Time to Cut the Cord
Get Your Kid Ready to Do Their Own Taxes…
The teenage years are filled with fun and responsibility. It’s about first dates, the first time behind the wheel, and first jobs. However, all of these “firsts” are accompanied by one thing–money. That is why it is important for teens to learn how to save money, use credit wisely, and pay dues to Uncle Sam.
Teaching your teenager about money is just smart parenting. Introducing them to easy tools they can use to independently manage their money is great for them and for parents who want to empower their kids and prepare them to be good money managers later in life.
So, if you’re still preparing your child’s tax return, it may be time to cut the cord, so to speak, and teach junior how to do his own taxes. But where to start? Open a dialogue. The first important step to educate teenagers on how to prepare and file their taxes is to talk about money and taxes well before they’re ready to file. Strangely enough, as parents communicating with our children, money is often the last taboo. We might talk to our kids about sex, but somehow we fail to talk about money and taxes.
If your teen receives W-2s, 1099s, or other statements of income from a summer job or a savings account, he or she might have to file. Even if filing is not required, it usually is a good idea to do so if wages have been withheld because your teen may be due a tax refund.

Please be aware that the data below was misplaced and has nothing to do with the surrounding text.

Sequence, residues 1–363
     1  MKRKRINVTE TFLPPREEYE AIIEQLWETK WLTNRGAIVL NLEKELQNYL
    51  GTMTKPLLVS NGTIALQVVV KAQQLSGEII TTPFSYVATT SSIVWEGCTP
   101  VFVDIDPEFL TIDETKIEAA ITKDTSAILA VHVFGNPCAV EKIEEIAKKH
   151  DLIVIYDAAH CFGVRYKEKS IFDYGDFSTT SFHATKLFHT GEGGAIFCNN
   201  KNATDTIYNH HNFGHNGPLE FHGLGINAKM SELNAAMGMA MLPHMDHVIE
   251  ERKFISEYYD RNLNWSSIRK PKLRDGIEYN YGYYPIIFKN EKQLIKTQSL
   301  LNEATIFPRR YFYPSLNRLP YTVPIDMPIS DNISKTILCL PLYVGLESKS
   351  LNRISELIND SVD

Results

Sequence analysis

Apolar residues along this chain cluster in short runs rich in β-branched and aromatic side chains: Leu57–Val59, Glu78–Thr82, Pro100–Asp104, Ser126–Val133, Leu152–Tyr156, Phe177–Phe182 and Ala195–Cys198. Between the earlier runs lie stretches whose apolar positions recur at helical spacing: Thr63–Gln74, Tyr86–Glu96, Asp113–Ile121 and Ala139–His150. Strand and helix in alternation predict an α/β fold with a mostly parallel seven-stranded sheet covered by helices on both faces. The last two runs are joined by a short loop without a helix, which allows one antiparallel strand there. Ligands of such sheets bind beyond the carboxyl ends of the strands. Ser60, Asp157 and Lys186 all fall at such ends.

Your teen needs to know that after landing a job, she will be required to fill out a W-4 form at work. Help her understand that taxes are taken out of each paycheck throughout the year and that at the end of the year, she’ll receive a W-2 form that tallies all of the wages, including tips she earned.
When you sit down and prepare your child’s taxes, involve them in the entire process. The earlier you introduce the concepts, the better prepared your kids will be when they hit the working world and have to handle tax planning and preparation on their own.
One of the great things is that today, using a computer to do taxes will be right up your teen’s alley. Tax software like TurboTax will guide them through their return and ask simple questions without the tax jargon. It will also help them find and understand deductions. Although their income may be low and itemized deductions not an issue, explaining to them ways they can save on taxes will help them later in life and allow them to prepare their returns as a more informed adult.
Finally, put a stake in the ground and mark your year of transition. Don’t practice the “sink or swim” approach when it comes to educating your teen on tax preparation. Mark a year of transition to get your child ready, let them know they will be responsible for next year’s return. This allows them time to learn valuable tax information while building their confidence that they can do it themselves.